- Jake Trotter, ESPN Staff Writer
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Today, the Big 12’s two flagship programs have opportunities to show they’re bouncing back in the right direction.
For Texas, it's to show it’s not the same discombobulated mess that nearly fell to BYU at home two years ago.
For Oklahoma, it's to show its defense is no longer the open sieve it was at West Virginia late last season.
In the Big 12’s two marquee games this week, Texas will meet BYU in Provo, Utah tonight, while Oklahoma will meet the Mountaineers in Norman in a rematch of last year’s wild 50-49 shootout.
Earlier in the week, former Oklahoma coach Barry Switzer made a guarantee on Twitter that the Sooners would not give up 778 yards this time to West Virginia.
That’s probably a safe bet.
After all, Geno Smith, Tavon Austin and Stedman Bailey, who set a yardage record against an Oklahoma defense, are now in the NFL.
But the Stoops Brothers are hoping it will also be because their defense has improved its personnel and scheme following the late-season collapse of 2012. Despite replacing seven starters, the Sooners got off to a promising start last week, shutting out an opponent for the first time in three years.
“I think our guys were very confident when they took the field,” defensive coordinator Mike Stoops said. “That was different than before.”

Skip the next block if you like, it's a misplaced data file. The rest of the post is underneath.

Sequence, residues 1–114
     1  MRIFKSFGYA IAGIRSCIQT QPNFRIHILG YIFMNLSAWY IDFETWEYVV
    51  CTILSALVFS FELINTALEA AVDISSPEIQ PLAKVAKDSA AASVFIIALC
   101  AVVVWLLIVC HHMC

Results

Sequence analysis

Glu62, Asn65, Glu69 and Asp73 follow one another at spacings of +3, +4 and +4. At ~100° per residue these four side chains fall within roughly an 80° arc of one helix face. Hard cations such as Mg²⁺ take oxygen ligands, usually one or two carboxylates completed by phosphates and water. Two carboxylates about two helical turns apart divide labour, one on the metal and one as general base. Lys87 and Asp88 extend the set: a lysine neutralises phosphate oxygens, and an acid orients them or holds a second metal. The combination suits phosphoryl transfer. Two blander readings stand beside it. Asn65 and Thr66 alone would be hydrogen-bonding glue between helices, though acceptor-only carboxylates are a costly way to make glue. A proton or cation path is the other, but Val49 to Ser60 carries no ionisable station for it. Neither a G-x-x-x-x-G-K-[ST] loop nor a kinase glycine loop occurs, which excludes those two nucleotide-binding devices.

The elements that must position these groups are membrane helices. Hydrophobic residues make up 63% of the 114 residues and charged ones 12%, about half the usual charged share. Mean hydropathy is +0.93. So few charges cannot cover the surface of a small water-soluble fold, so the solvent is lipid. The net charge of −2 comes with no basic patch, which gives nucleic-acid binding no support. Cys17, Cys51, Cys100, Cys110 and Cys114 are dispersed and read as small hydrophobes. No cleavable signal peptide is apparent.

Texas coach Mack Brown believes his team is very different than the one that last faced the Cougars. In the second game of 2011, the Longhorns struggled to a 17-16 win over BYU, which proved to be a harbinger for a rocky five-loss season.
"Playing in that atmosphere will be a good test for us," Texas cornerback Carrington Byndom said. "It will show us where we're at as a team.”
Like Oklahoma, the Longhorns’ began the season with a promising performance.
David Ash, who along with Case McCoy actually took over for Garrett Gilbert at quarterback after that BYU game two years ago, threw four touchdowns last week in a 56-7 rout of New Mexico State. Most impressive was how Ash and the offense responded to three early turnovers. Of course, the BYU defense offers a much tougher litmus test of where the Texas offense is.
"When we played them two years ago they were a tough physical team, and they're still that," Texas offensive lineman Mason Walters said. "It's going to be a great challenge for us knowing that we're going to have to go on some long drives against them.”
While Oklahoma and Texas will try to build on their openers, two other preseason contenders will attempt to bounce back from disappointing debuts. TCU and Kansas State will also try to straighten out quarterback controversies that grew more muddled after Week 1.
In a 37-27 loss to LSU, TCU coach Gary Patterson started Casey Pachall, but turned to Trevone Boykin in the second half. Patterson said Pachall remains his starter, even though the offense was more effective last week when Boykin was in. How TCU rotates QBs against Southeastern Louisiana today could clarify the position heading into next week’s clash at Texas Tech.
The same goes for K-State.
The Wildcats, who were stunned by North Dakota State, have indicated they’ll go with Jake Waters again as their starting quarterback against Louisiana-Lafayette. But Kansas State coach Bill Snyder indicated backup Daniel Sams would see more snaps than he did last week.
“Jake proved he is a very capable quarterback and played well during the course of the ballgame,” Snyder said. “But you have a good athlete like Daniel and you have to find places for him -- which we will.”